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A new international study by Oxford researchers published in Nature Communications establishes for the first time, a critical genetic risk score to predict the likelihood of patients suffering with Varicose veins to require surgery, as well as pointing the way towards potential new therapies.

The study was an interdisciplinary collaborative effort across the Medical Sciences Division  Researchers from the Nuffield Department of Orthopaedics, Rheumatology and Musculoskeletal Sciences, the Nuffield Department of Surgical Sciences and the Nuffield Department of Women's & Reproductive Health worked with an American commercial, direct to consumer genotyping company called 23andMe to explore which people were more susceptible to developing Varicose veins.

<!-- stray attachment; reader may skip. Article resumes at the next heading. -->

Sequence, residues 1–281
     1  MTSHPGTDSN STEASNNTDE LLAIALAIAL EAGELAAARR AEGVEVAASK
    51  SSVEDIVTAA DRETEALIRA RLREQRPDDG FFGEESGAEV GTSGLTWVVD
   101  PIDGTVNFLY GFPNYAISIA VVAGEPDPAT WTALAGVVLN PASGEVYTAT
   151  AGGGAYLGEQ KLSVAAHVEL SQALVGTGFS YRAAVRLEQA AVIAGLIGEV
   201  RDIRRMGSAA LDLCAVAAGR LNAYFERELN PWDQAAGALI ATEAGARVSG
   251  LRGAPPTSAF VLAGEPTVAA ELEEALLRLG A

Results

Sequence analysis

In a vast two-stage genome-wide association study of varicose veins in 401,656 individuals from UK Biobank, and replication in 408,969 individuals from 23andMe, Oxford researchers identified 49 genetic variants that increase the risk of varicose veins. They highlighted pathways including problems with the connective tissues of the body, and the immune system as key players in varicose vein pathology.

Read the full story on the Nuffield Department of Women's & Reproductive Health website

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